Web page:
In these days, artificial intelligence technology, including machine translation, has been improved rapidly and is still going. Maybe it seems like we won’t need to learn foreign languages, in the near future.
I don’t think so, but why? I hope to communicate with foreign friends directly, but that is not all.
My opinion is, learning foreign languages give us the improvements in thinking ability.
I’ll try to explain something related that opinion from now.
When someone listens/reads a word, it invokes a recognition inside his/her brain.
For example, a word “dog” should invoke an image of a dog in your brain.
As illustrated above, a common image has different correspondent words in different languages. That’s why we can translate them.
However, is it strictly “common”? Can we say there are no difference between the two “common images”? Absolutely, not.
Actually, “recognition” come from one’s own knowledge and experience, and there are own cultural backgrounds behind them.
When someone does something with his intention, there is a thought inside his/her brain. Let’s take a look into the structure of thinking.
Let’s presume that a thought was a composition of five elements illustrated below.
We have to understand that these elements, especially upper three are having a close relationship with language and culture.
Actually, just like a tower built on the ground, the elements are composed upon the language and culture complex.
However, what does it mean, “close relationship”?
Let’s study it in more detail.
For example, speaking about “formula”, it is a kind of hypothesis and is written as “If … then … else …” structure or as mathematical expression like “y = 3x +c”.
It needs three kinds of activities to produce a “formula”. Those are based on vocabulary and systematical notation method, thus it means “language and culture complex”.
Suppose that there are a lot of things with wide variety (e.g. a lot of color chips).
Too many varieties of things are difficult to remember, so people tend to categorize them. The categorizations are different depends on each language, such as;
As illustrated above, there are approximately two types of color name system. Type 1 system gives individual name to chip1 and 5. Type 2 don’t. English is an example of type 1. Old Japanese is type 2. There are a lot of other languages of type 2 even in the modern world.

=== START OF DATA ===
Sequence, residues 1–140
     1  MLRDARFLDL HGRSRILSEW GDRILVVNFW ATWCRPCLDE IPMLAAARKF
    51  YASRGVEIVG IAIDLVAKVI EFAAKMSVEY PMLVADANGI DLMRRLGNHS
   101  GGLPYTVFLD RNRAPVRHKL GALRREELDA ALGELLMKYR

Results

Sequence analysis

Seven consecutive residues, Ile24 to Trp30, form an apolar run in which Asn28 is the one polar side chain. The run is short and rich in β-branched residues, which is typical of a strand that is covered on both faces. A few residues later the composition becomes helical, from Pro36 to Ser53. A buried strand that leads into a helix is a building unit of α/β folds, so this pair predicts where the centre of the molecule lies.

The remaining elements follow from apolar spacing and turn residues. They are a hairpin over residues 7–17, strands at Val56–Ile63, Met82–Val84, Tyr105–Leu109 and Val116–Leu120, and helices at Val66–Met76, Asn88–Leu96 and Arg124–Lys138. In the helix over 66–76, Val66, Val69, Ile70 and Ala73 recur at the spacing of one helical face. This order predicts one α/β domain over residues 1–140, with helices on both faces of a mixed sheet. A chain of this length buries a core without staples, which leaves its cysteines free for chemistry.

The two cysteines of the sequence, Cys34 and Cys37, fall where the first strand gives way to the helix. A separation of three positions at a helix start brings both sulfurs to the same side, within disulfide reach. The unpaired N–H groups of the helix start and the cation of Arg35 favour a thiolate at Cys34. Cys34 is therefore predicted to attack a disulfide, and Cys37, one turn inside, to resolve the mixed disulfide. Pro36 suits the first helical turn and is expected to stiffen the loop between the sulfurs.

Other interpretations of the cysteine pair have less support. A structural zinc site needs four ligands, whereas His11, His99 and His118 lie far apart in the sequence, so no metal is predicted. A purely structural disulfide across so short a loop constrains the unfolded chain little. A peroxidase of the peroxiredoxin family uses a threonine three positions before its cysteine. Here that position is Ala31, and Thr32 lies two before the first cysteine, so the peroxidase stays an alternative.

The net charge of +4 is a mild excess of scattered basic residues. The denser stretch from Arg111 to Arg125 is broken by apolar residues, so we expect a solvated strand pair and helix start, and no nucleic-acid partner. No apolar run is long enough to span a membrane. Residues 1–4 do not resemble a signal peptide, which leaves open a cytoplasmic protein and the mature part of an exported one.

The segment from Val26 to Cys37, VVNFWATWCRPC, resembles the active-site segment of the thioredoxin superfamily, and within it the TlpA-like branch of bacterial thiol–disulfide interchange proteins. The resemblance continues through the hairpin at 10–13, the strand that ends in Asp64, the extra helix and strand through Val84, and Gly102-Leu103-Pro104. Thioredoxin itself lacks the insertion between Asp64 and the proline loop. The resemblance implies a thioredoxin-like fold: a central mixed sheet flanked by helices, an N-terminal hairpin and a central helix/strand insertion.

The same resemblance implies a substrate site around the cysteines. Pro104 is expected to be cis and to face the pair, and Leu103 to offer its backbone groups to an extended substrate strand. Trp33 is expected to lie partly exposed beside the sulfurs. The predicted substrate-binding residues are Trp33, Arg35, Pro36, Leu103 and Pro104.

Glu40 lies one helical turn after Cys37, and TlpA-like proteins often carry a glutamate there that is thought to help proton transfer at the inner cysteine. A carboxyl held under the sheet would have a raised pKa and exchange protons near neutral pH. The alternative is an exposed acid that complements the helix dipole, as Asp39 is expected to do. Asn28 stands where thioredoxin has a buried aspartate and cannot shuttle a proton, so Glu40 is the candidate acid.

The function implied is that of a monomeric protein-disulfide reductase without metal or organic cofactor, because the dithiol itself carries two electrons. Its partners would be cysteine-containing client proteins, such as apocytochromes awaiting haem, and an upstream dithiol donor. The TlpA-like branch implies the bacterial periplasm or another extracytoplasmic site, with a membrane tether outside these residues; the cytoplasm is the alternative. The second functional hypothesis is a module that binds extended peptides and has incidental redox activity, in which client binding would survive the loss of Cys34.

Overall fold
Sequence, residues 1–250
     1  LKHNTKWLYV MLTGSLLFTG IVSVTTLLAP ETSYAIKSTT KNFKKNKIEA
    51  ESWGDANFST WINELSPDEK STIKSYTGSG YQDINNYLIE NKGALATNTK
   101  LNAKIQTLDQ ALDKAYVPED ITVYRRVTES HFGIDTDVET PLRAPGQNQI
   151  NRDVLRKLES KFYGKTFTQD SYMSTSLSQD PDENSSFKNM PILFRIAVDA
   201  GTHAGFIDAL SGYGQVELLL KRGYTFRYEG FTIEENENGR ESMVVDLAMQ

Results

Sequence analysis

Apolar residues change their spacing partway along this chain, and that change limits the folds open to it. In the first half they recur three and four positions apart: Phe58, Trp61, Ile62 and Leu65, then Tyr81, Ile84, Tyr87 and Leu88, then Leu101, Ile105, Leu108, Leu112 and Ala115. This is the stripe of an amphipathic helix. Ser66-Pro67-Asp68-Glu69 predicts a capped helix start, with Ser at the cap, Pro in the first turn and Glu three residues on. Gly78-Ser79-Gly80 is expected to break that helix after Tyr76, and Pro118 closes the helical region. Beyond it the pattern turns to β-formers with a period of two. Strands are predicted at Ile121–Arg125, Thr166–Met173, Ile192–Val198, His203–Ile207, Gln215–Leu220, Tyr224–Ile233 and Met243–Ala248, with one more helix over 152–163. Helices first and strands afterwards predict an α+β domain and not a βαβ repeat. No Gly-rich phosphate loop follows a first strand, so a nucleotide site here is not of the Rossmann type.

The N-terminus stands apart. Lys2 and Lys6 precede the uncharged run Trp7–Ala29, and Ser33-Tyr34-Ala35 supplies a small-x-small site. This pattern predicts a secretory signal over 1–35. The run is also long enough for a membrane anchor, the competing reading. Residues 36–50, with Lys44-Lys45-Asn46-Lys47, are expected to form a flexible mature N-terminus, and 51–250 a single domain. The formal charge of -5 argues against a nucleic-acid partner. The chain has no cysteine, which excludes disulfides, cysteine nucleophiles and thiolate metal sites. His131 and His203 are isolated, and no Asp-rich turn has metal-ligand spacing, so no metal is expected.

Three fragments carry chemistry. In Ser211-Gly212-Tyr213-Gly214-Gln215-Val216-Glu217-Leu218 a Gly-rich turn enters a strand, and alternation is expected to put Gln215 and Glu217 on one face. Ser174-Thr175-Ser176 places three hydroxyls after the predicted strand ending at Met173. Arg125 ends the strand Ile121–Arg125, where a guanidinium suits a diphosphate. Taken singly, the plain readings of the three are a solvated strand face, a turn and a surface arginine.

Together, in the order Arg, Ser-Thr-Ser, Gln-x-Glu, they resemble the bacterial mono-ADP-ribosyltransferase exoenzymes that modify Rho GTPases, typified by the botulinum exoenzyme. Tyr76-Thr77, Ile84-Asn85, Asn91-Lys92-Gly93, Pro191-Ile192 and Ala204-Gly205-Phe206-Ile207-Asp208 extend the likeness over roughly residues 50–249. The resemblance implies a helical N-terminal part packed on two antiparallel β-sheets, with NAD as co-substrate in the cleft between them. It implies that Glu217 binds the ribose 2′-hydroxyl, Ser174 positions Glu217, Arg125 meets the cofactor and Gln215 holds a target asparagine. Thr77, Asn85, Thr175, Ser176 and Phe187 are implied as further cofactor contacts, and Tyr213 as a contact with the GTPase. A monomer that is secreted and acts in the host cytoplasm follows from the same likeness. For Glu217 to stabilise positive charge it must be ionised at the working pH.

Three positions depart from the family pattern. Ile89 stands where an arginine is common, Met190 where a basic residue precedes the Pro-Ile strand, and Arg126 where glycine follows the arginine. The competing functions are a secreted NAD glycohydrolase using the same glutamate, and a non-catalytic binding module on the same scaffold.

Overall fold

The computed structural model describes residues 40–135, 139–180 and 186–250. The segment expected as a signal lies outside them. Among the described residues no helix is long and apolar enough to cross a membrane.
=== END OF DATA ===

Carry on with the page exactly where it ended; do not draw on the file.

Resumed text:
In English, chip 1 and 5 have typical, simple color name. Chip 2 and 4 are similar to them. These can be categorized to “blue” and “green”.
However, what about chip 3? It is ambiguous.
An experiment is designed as below;
Step1: Divide the subjects into two groups. Group1 contains the subjects of type 1 language speakers. Group2 contains of type2.
Step2: Show a typical color (e.g. chip 1 or 5) to a subject. Ask the subject to remember that color. Hide the chip.
Step3: Show ambiguous color (e.g. chip 3) to the subject. Ask a question, “Is this color similar to the previous chip?”
The result is, differences in answers were found depending on the subject’s speaking language. Group1 subjects tend to answer “yes” to the question more than group2 subjects.
This phenomenon is called as “Language induced categorical perception bias”.
This is only one example. There are a lot of other experiments which show the close relationship between thinking and language.
When it comes to thinking about complex ideas, human being cannot think by using an image of real world objects itself. We need verbalized formula, and any formula is a composition of categorized, abstracted recognition.
Thus, categorization (i.e. abstraction) cannot be independent of language.
Therefore, our way of thinking is closely connected with our language.
That’s why we have to learn other languages.
Learning foreign languages is not memorizing word to word mappings, but acquiring different viewpoint and way of thinking. It gives us not only better communication with foreigners, but also much powerful thinking ability.
That is my opinion.